13 May Cato Blog Sums It Up Perfectly
As was written by Walter Olson in his article “A Spurned Vendor — And a Tip To the FTC”…
In 2010, the Federal Trade Commission approached an Atlanta-based medical testing company, LabMD, with accusations that it had wrongfully left its customer data insecure and vulnerable to hackers. LabMD’s owner denied that the company was at fault and a giant legal battle ensued. To quote my post last year at Overlawyered:
…according to owner Michael Daugherty, allegations of data insecurity at LabMD emanated from a private firm that held a Homeland Security contract to roam the web sniffing out data privacy gaps at businesses, even as it simultaneously offered those same businesses high-priced services to plug the complained-of gaps.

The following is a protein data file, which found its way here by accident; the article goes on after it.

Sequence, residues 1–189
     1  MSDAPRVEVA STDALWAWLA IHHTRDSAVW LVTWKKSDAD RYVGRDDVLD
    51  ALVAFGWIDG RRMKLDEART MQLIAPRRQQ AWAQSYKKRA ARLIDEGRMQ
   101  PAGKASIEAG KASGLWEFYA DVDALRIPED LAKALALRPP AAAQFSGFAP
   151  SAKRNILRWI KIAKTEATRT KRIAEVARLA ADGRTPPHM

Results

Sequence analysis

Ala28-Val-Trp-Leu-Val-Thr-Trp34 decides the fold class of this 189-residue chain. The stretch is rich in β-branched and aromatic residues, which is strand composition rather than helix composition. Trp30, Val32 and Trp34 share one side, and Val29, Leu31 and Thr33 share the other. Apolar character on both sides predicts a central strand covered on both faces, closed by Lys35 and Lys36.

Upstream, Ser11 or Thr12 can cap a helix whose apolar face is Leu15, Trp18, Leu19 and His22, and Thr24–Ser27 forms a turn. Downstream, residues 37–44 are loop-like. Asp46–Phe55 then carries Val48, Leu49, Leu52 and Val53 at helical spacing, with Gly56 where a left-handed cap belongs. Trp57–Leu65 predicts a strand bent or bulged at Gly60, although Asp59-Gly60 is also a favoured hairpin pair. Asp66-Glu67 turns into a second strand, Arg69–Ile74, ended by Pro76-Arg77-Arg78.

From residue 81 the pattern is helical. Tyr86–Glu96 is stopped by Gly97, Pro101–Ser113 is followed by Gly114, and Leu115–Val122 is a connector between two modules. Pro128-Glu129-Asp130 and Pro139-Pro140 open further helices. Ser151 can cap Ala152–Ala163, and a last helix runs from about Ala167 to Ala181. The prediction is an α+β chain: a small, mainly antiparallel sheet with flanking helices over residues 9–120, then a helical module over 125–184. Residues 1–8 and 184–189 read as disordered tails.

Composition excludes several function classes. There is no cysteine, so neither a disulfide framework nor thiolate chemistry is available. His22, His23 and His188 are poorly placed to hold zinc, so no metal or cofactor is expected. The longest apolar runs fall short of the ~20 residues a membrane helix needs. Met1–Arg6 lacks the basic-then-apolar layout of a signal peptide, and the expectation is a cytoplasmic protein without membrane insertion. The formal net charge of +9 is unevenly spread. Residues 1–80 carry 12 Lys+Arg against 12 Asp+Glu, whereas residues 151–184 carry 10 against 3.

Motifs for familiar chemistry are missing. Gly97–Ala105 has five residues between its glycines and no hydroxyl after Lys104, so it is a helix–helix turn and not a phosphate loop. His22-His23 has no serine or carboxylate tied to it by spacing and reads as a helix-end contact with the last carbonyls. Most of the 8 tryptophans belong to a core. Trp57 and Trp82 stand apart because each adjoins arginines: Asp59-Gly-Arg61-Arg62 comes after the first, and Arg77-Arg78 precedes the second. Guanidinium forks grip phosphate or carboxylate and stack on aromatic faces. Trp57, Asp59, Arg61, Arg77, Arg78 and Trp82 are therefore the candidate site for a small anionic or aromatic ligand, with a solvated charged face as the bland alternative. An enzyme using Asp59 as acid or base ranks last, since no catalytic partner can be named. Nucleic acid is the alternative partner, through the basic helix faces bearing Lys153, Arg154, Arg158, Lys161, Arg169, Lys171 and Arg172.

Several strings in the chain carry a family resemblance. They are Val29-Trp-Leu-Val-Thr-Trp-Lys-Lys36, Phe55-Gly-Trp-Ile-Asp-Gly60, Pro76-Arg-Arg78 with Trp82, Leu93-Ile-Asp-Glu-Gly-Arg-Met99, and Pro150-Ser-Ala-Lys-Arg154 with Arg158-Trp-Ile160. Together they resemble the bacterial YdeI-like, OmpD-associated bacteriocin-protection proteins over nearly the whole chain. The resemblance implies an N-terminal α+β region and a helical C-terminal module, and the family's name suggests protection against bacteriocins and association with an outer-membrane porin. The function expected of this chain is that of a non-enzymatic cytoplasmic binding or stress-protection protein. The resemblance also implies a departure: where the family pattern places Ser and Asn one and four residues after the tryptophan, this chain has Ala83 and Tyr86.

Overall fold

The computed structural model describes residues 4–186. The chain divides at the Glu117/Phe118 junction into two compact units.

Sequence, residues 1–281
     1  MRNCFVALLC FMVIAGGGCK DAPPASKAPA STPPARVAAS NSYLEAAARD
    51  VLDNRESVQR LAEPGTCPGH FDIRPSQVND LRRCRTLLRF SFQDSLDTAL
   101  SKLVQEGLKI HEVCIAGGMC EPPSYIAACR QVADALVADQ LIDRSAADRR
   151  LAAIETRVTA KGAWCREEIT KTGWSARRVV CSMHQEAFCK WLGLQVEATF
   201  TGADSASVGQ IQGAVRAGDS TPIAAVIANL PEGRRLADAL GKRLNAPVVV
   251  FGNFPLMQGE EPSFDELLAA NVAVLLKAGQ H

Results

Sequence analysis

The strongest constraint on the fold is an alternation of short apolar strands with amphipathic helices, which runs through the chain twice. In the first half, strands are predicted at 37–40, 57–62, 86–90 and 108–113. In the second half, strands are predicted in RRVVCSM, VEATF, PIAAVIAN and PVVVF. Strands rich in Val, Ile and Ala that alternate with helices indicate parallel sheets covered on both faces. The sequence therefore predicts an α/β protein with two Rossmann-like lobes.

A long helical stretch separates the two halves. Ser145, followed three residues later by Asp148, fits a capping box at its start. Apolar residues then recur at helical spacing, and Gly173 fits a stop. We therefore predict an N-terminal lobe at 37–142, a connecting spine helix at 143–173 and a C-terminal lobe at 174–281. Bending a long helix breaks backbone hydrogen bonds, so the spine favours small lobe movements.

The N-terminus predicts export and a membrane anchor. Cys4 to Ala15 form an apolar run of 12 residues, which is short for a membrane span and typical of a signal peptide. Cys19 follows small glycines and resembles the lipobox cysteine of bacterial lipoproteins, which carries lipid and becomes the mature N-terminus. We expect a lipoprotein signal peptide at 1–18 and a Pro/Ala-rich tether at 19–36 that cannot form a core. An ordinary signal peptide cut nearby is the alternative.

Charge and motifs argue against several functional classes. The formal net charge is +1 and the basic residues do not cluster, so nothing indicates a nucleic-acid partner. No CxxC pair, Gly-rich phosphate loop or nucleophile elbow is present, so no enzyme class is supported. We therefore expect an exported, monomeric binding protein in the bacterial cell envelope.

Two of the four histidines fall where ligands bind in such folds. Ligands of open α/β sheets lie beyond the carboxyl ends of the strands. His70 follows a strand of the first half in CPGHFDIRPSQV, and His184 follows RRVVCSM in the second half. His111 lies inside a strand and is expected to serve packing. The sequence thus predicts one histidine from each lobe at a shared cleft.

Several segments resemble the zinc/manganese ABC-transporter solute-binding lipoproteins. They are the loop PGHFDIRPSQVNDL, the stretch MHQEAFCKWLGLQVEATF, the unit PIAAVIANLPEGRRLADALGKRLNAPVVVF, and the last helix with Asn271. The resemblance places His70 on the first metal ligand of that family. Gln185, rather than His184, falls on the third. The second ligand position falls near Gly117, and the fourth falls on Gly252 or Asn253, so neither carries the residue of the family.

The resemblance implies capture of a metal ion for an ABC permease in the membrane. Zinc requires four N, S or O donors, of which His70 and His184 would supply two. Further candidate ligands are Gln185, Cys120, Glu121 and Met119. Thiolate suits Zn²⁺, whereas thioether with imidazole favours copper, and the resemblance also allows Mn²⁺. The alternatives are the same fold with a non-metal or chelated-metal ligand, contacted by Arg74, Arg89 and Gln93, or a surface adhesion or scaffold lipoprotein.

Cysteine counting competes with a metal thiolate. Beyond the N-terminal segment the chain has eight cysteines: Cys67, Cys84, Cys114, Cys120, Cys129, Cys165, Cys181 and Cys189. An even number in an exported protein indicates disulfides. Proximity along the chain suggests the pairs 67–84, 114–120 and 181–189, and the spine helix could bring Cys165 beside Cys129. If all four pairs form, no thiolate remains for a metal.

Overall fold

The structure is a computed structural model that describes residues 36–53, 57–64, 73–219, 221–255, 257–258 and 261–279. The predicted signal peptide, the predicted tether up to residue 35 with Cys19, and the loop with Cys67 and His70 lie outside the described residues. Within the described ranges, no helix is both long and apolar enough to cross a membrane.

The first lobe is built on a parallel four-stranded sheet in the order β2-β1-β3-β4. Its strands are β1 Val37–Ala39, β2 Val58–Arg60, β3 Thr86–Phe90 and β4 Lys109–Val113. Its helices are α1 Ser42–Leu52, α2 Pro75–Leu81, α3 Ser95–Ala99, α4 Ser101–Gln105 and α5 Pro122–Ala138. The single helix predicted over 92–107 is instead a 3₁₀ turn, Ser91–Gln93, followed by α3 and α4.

Last week, finally, after five years, the case reached an administrative hearing at the FTC, which heard “bombshell” testimony given under immunity by former Tiversa employee Richard Wallace:
After LabMD CEO Michael Daugherty refused to buy Tiversa’s services, Tiversa reported false information to the FTC about an alleged security incident involving LabMD’s data, Wallace claimed in his testimony.
To read the full article, click HERE